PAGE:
Well, the Rapture came and went and we're still here. (Aren't we?) That means
- It happened and we are among the damned who have been Left Behind
- The Rapture, like the Higgs boson, is not what we expected it to look like (cf. Millerites, a.k.a. The Great Disappointment)
- The Rapture didn't happen
- It didn't happen yet because Camping made an arithmetic error
- It didn't happen because God was so impressed with Camping and his followers that he granted a reprieve
- It didn't happen because Matt. 25:13 says we will know neither the day nor the hour.
It seems to be always these cult-of-personality mullahs/preachers who come up with the whackadoodle stuff. Possibly because they have no anchor, no bottom. You never hear of the Traditional Churches launching stuff like that. I think it's because they have ballast.
If you know statistics (Which you should) you will know that the smaller the sample size, the more variable is the estimate of the average. Bill and Ted's Excellent Bible Shack and Bait Shop will not have a very big space-time footprint, as it were, and hence such nickel-and-dime sects may vary all over the theological map. And do. They generally spend their time calling one another heretics, casting aspersions on the Whore of Babylon (Rome), and forgetting the Orthodox Church even exists. It has eerie similarities to the salafist movement in Islam.
OTOH, the Eastern Orthodox, Roman Catholic, Oriental Orthodox, and Ancient Eastern Churches have a near-2000 year old tradition and have remained essentially consistent for all that time. They have age-old ceremonies and liturgies. They are all normative, meaning they have a mechanism that calibrates beliefs; viz., the ecumenical councils and the popes or patriarchs. Further, they have the whole tradition: John to Polycarp, Polycarp to Irenaeus; Peter to Mark and Clement; and so on. To some extent, the Anglican and Apostolic Lutheran Churches also share the tradition. And even the Protestants who rejected the traditions have roots half a millennium old. The accumulated consensus and conversation across the ages serves as a control mechanism to prevent wild swings of woo-woo. The only thing modulating Camping is.... Camping.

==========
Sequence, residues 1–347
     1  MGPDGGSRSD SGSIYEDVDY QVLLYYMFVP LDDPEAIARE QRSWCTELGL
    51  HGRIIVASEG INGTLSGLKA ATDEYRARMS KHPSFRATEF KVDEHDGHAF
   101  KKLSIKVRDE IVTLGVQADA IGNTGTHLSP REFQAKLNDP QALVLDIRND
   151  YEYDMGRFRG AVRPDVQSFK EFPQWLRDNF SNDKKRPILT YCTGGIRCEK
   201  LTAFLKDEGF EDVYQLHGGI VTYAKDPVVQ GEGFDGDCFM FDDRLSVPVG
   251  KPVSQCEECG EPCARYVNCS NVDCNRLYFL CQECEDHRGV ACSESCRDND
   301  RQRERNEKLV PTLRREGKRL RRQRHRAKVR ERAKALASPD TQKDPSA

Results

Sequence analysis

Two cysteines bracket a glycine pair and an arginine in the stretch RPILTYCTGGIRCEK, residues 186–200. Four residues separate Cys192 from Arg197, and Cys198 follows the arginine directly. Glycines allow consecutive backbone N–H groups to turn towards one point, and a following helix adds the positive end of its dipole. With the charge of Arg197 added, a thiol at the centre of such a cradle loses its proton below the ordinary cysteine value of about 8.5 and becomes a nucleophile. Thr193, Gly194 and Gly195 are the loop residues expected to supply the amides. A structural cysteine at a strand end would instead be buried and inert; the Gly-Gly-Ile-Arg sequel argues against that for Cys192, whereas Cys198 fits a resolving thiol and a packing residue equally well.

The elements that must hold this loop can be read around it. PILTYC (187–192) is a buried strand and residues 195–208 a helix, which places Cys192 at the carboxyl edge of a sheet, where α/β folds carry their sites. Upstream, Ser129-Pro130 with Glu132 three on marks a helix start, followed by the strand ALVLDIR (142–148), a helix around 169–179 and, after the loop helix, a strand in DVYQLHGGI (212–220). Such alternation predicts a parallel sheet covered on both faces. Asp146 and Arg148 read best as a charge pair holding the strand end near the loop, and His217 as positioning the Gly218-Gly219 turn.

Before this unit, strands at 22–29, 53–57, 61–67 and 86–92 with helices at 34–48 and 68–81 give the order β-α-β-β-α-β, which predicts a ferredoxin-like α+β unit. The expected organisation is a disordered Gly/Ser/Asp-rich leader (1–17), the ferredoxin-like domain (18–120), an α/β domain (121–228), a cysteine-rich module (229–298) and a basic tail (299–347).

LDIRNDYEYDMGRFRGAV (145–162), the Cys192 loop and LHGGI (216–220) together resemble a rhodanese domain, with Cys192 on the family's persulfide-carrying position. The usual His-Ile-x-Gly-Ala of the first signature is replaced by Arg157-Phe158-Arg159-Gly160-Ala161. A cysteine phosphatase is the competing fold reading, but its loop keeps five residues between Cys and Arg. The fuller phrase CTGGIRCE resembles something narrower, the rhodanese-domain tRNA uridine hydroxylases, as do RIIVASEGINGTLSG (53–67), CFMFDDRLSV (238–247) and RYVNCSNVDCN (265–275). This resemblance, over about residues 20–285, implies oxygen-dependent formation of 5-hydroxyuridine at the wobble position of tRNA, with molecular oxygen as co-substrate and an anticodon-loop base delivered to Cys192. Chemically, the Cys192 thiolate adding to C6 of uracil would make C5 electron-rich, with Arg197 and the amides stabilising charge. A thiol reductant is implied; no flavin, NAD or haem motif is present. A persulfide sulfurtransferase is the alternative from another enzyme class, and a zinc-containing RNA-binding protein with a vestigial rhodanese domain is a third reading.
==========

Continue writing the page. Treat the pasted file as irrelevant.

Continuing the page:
Remember, all this Rapture stuff dates from only the 19th century and the do-it-yourself novelty religions. Lutherans, Calvinists, and Anglicans are themselves three centuries older.
[n.b. Anthony Sacramone, a Lutheran, had similar thoughts here.]
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A Broader View
There is a broader context that is easy to overlook. While among religious folk the apocalypse/rapture thing may take on a religious flavor, it is by no means restricted to religious folk. The Singularity has been called "the Rapture for Nerds" and not without reason. A great deal of so-called "transhumanism" is simple eschatology stripped of religious language. Instead of leaving behind our corruptible bodies and putting on the new man, we will leave behind our corruptible bodies and download our minds into computers, and thereby live forever in a transformed state with preternatural powers. In 1677 Leibnitz prophesied that in five years all reasoning would be reduced to numerical calculations and so all questions would be resolved with the certainty of arithmetic. This universal language and logical calculus would be easily mastered by everyone in the world and there would no longer be any cause for disagreements and misunderstandings. It was the 17th century version of the Singularity. (Leibnitz backed off the forecast only two years later.)
On the grimmer side, we have seen other forecasts of the end of the world.
- Nuclear apocalypse survivalism, in which true believers divested themselves of encumbrances, retreated to the wilderness and prepared for the end times. They were mostly smart enough not to put dates on matters.
- Paul Ehrlich's prophecy of famines in the 1970s or 1980s (depending on which edition of The Population Bomb you get);
- Limits to Growth prophesied industrial and economic collapse in the 1980s.
- The Y2K millennial panic when planes would fall from the sky and all sorts of other things.
- The final, no-foolin collapse of capitalism prophesied every time there is a cyclical recession